Is my Point to point data architecture sustainable ? where is my data

We have developed a data architecture vision for tackling those challenges and set of technical components to foster its implementation. As a result, it provides a sustainable foundation for implementing data regulation.

Axel Polleres  // SPECIAL / Scalable Policy-awarE linked data arChitecture for prIvacy, trAnsparency and compLiance

The SPECIAL project aims to address the contradiction between Big Data

innovation and privacy-aware data protection by proposing a technical

solution that makes both of these goals realistic. SPECIAL will enable

citizens and organisations to share more data, while guaranteeing data

protection compliance, thus enabling both trust and the creation of

valuable new insights from shared data.

Robert Guinness // The Role of Open Source Software in Enhancing Privacy

Some privacy advocates view open source software as key to ensuring adequate privacy protections. The best way for consumers to know what kind of data are collected from them is to have access to the source code of the software that collects and processes the data. My proposal is for a session focused on discussion and examples of open source software for MyData applications.


12 mins each + online Q&A

Hanna Niemi-Hugaerts and Aapo Rista // How to enable call-for-data in the era of mydata?

Public sector organizations such as cities could improve their operations, service quality and customer experience if they had more accurate and timely data. With the human-centric approach to personal data (including data gathers using mobile phones, DIY or commercial sensors) the processes for granting access to data will mature and thereby ease data sharing between citizens and the city. We call for solutions to give consent, store and utilize such data - and to deny access if no longer willing to share the data. How could the city call for sport facility usage data? How would citizens give consent for using their data and define the level of detail that the city can explore and use that data? Would the donated data be stored in city’s or third parties' data lakes?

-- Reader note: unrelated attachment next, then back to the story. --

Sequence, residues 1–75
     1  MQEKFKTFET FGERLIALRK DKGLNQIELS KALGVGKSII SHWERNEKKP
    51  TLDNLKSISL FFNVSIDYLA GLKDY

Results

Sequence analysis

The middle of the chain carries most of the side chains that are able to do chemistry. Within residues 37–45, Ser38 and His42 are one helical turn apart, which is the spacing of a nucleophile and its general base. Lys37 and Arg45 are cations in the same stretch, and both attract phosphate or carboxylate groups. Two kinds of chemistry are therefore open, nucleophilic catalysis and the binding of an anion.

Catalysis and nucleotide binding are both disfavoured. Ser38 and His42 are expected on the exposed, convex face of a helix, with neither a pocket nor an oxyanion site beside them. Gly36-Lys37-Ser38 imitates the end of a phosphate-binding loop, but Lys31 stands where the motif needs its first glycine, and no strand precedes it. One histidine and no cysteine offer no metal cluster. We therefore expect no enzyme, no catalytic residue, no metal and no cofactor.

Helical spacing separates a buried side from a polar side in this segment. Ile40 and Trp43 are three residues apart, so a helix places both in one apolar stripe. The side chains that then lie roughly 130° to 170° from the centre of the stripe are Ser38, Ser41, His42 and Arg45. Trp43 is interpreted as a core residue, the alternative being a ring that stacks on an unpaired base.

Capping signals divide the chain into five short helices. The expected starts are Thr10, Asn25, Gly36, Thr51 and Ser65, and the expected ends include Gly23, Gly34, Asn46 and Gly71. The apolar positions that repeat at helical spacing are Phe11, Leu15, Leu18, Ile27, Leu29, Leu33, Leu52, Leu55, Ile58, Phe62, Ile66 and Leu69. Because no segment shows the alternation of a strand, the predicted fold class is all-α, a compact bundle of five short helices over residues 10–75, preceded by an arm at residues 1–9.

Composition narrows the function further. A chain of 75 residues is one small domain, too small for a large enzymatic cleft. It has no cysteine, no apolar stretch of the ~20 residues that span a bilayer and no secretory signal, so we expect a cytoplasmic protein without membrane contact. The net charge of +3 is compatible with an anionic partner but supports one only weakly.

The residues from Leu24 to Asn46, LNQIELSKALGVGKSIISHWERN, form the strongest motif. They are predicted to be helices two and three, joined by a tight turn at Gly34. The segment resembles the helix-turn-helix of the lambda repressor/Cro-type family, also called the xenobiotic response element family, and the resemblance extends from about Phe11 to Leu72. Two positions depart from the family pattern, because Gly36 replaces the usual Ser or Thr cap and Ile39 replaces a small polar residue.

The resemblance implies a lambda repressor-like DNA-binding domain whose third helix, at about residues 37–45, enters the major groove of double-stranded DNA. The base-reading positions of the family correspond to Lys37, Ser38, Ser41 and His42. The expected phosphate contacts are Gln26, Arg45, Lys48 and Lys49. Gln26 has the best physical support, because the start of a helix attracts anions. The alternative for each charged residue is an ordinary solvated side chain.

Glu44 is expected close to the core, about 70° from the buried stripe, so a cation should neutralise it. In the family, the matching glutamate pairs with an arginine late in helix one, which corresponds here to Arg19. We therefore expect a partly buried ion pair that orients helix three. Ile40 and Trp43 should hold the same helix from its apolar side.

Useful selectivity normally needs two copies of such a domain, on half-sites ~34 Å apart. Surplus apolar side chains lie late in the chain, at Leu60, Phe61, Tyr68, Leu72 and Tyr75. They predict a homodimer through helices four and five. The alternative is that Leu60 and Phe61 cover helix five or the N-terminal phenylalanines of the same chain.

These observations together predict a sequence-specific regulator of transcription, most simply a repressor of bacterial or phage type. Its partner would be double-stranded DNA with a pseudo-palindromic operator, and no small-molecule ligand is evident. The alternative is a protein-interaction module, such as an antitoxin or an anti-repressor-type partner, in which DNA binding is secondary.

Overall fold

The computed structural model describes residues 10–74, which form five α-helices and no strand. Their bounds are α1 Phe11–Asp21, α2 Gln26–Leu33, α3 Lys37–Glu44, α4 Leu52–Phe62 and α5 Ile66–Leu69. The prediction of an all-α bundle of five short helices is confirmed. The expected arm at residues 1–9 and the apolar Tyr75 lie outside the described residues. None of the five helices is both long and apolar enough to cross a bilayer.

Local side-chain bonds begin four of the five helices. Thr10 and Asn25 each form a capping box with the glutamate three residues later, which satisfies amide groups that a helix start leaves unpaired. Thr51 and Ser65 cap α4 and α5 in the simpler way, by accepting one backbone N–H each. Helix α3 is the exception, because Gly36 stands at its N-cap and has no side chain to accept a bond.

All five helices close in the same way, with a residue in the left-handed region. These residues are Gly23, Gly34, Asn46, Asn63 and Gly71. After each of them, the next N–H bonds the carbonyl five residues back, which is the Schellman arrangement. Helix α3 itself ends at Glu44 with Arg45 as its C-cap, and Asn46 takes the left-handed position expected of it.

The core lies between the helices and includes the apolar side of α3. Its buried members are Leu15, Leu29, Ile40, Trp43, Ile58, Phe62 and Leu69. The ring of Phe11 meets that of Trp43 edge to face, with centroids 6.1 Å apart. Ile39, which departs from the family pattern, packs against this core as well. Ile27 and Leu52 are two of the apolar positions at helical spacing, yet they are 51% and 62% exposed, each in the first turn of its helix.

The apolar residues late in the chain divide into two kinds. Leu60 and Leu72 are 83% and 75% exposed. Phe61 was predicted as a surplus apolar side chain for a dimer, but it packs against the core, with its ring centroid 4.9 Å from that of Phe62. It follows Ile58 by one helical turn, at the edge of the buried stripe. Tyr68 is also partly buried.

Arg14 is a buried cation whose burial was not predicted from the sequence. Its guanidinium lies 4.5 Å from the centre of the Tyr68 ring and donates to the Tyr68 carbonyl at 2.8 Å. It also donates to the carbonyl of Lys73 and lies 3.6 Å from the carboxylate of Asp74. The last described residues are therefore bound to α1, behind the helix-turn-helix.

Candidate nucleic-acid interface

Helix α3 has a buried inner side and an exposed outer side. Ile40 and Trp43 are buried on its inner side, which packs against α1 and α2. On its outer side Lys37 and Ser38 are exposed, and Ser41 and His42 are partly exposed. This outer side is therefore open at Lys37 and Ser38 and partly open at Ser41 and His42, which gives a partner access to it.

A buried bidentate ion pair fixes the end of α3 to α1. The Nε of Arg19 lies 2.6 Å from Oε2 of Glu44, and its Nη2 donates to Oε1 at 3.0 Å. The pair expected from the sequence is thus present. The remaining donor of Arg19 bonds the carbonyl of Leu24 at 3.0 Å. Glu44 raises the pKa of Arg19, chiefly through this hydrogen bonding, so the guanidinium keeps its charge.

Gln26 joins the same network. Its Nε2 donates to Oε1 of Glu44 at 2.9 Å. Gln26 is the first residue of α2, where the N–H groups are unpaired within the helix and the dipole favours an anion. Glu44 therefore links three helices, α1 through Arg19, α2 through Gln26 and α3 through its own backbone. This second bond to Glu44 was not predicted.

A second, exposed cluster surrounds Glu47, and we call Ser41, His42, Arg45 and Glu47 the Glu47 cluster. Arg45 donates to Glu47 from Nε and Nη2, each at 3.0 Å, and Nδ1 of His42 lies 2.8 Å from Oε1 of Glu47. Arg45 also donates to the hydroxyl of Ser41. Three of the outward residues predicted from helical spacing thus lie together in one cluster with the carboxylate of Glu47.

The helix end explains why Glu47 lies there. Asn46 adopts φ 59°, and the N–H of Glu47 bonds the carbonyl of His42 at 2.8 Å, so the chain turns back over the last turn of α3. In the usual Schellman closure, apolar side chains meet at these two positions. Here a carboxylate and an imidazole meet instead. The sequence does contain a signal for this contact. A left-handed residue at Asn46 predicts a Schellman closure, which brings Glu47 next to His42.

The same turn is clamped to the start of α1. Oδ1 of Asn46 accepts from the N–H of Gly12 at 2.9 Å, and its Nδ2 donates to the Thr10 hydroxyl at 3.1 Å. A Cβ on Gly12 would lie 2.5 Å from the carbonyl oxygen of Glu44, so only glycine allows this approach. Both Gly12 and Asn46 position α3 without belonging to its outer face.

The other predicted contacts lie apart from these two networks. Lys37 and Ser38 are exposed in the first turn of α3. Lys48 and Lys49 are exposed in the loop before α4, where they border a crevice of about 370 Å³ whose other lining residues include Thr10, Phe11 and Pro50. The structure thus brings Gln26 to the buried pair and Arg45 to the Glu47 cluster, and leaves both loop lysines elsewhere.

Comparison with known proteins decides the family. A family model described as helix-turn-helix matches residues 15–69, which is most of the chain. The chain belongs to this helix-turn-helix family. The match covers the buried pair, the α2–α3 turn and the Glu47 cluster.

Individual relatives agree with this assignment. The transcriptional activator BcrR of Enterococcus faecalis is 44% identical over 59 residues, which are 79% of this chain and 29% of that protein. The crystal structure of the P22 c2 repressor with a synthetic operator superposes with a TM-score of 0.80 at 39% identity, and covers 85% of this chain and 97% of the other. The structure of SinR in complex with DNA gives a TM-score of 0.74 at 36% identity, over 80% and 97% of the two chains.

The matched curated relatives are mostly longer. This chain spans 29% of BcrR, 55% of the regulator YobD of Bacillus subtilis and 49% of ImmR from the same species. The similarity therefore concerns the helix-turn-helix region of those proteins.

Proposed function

Andy Brooks // User Empowerment as Business Strategy / GDPR and Fitness Wearables

GDPR presents fitness wearable companies with an opportunity to redesign their personal data ecosystems, and in so doing address industry stagnation: slowing user adoption, high churn rates, and uncertainty regarding long-term fitness improvements. This talk draws on industry case-based research to demonstrate that surpassing regulations to empower users with control can create tremendous value.

Päivi Karkkola // Personal Data to Open Data

Personal data to open data -Government agency is making its data resources available to support experiments and business growth. How personal data is made open data without compromising privacy? Can open data be my data?

Ziad Wakim // Building a privacy respectful startup

Online tools and services can greatly accelerate building and launching a startup project, but it often comes at the cost of users data privacy, and sometimes security. In this short lightning talk, I'll explore some of the existing pitfalls, and the available options to efficiently build an online service while maintaining privacy.